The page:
Jesus was trying to lead the people to understand who He was. One of the most common questions in the Gospels is, “Who is this man?” Our salvation depends on our answer to this question. How would you answer it? Jesus isn’t looking for an intellectual answer but He wants us to have a personal relationship with Him.
One of the religious teachers has just asked Jesus which is the greatest commandment in the law. Jesus has answered that it is to love God and that the second commandment is to love our neighbour. Jesus emphasises that this is the central and guiding principle regarding how we should live our lives.
The Jewish people in Jesus’ time loved to debate an infinite number of questions endlessly. They particularly loved to talk about the law and all the various commandments. One of these teachers of the law was impressed with Jesus’ answers, and so he asked Jesus a question that he had been wondering about. Of all the commandments, which is the most important?
During the years of His ministry, Jesus has largely avoided Judaea, and its capital Jerusalem in particular. It’s here where His enemies are: the ones who are out to kill Him. So now, in His final week, right here in Jerusalem, He is walking on dangerous ground. Jesus is surrounded by those who hate Him, and by the traps they set. Here is one of those traps.
In this parable, the man who planted a vineyard and built a wall around it is God. The tenant farmers he asked to look after the vineyard represent the people of Israel, to whom he had entrusted his blessings. But when God wanted to have some of the fruit rightfully his, they wouldn’t give it to him. Remember how the day before Jesus had gone to find fruit on the fig tree but found none? It’s the same story. The servants whom the vineyard owner sent to collect some fruit were the prophets. God had continued to send them, although they were ridiculed, rejected, and even killed. Eventually, the man sends his beloved son, but they also kill the son in the tragic climax of this story. As you hear this parable, your natural reaction might be to think, “I could never do what those tenants did to the Son!” And that’s probably what Jesus’ hearer’s thought as well. Yet a few days later, they would call for his blood. Find a quiet place today and reflect on where you are in your relationship with Jesus.
God gives us some simple guidelines on prayer. First of all, Jesus says that we should pray with faith and not with doubt; secondly, we must believe that we have already received what we pray for; and finally, we need to make sure that we have forgiven others before we come to the Father with our requests. These are the secrets of effective prayer.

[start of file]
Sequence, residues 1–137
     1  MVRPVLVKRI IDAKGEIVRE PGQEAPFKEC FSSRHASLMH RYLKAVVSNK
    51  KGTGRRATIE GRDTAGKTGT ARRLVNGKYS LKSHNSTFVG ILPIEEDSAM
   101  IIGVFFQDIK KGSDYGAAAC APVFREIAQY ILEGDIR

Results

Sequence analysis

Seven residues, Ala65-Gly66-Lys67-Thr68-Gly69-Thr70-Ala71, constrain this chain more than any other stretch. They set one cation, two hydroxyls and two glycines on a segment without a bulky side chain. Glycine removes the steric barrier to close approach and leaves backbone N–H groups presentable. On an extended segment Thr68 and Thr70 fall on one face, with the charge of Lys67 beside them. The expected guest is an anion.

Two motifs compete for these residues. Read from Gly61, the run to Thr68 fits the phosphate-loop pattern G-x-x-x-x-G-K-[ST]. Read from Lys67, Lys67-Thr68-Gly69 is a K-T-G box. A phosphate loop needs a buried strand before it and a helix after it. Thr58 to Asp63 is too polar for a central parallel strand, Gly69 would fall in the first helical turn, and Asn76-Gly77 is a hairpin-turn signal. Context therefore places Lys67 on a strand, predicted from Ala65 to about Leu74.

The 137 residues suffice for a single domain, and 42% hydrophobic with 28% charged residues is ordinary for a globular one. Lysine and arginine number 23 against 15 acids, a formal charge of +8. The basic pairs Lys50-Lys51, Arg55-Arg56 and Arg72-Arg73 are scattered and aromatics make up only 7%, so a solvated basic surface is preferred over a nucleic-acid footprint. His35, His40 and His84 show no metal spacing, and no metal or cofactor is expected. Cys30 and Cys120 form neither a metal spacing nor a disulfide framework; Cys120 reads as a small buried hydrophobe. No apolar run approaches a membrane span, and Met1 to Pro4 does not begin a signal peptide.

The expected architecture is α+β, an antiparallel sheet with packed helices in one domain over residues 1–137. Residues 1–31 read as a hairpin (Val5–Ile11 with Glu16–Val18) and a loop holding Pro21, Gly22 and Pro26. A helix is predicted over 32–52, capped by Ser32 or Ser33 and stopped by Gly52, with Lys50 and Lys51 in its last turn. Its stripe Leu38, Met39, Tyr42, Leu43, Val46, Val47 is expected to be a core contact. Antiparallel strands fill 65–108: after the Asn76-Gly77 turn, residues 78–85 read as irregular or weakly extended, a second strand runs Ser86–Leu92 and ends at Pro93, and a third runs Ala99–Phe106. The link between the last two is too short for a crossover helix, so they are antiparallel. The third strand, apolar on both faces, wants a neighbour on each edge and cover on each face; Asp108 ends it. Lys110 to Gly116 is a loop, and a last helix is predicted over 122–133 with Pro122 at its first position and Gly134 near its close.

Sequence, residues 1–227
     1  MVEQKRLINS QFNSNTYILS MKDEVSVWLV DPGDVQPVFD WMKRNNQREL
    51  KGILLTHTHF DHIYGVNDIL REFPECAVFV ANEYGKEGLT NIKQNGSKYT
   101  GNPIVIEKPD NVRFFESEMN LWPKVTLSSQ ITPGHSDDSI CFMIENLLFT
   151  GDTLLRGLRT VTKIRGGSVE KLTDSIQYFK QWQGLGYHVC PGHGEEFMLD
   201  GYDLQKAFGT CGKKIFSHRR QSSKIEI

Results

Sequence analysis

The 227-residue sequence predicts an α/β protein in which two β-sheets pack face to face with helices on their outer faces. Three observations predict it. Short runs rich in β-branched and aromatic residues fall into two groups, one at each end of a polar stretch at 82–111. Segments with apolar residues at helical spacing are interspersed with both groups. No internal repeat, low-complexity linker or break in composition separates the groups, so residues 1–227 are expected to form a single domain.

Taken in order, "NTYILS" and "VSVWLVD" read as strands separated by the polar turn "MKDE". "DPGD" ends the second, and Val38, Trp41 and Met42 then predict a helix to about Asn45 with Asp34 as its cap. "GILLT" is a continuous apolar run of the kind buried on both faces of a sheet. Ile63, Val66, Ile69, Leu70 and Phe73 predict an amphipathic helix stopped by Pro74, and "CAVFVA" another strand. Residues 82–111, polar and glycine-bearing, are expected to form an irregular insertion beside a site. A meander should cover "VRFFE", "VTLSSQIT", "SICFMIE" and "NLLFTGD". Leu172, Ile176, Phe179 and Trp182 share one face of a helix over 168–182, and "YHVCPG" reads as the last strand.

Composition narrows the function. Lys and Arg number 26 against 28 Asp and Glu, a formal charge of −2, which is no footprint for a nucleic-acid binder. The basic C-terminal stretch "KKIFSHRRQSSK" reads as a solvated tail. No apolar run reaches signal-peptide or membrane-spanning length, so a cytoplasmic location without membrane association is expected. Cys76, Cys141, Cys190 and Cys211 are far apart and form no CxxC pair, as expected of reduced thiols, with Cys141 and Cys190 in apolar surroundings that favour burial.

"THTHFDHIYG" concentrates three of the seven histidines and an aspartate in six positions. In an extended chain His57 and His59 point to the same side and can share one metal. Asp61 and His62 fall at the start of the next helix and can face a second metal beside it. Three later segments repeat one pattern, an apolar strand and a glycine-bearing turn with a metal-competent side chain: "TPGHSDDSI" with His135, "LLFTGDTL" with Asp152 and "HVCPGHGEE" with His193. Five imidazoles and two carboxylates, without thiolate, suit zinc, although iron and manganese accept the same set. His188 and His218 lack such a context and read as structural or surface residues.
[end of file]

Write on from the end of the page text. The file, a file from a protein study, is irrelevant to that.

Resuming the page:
Jesus explained why He had cleansed the temple by saying: “My house shall be called a house of prayer for all nations, but you have made it a den of robbers.” The church should be a welcoming place for everyone, where they can connect with God. We turn the church into a den of robbers when we push our own agendas instead of God’s. It’s all about the attitude of our hearts and that’s something to think about.
James and John have just come up to Jesus and asked Him to give them the leading positions in His kingdom. Jesus tells them that the notions of authority and hierarchy that we find everywhere in the world don’t apply in the kingdom of God. Instead, greatness is measured through humble, selfless, sacrificial service. What is He saying? He’s telling them that greatness is measured only in love.
It’s interesting how Peter, James and John react to having witnessed the transfiguration of Jesus in His dazzling glory on the mountain top. And they certainly couldn’t understand what Jesus meant when He talked about “rising from the dead.” They threw around different ideas of what this could mean, all of them over-spiritualised, because they couldn’t get their heads around the possibility that Jesus meant just what He said.
The religious teachers taught that Moses and Elijah would come to earth to announce the coming of the Messiah. These were the two greatest prophets of their religion. But God the Father is displeased when Peter wants to build places of rest for Jesus, Moses, and Elijah. God hides the scene from view and his voice is heard from heaven pointing to His beloved Son, and commanding all to listen only to Him. And then, when the three disciples recovered, Moses and Elijah were gone. They saw Jesus only.
Peter, James and John are part of Jesus’ inner circle, since He makes a point of including them in some very special events. And so they witness Jesus glorified and speaking with Moses and Elijah. We don’t know what they spoke about, but it would have been an incredible conversation to have listened in on.
When Jesus said He was going to Jerusalem, where He would be killed, Peter strongly rebuked Him and wanted to stop Jesus from going because he didn’t fully understand the purpose of Jesus’ mission. And Jesus, in turn, has rebuked Peter for standing in His way with his worldly thinking and lack of spiritual understanding. Jesus wants to explain to His disciples the real purpose of His mission and why He must go to Jerusalem and the cross.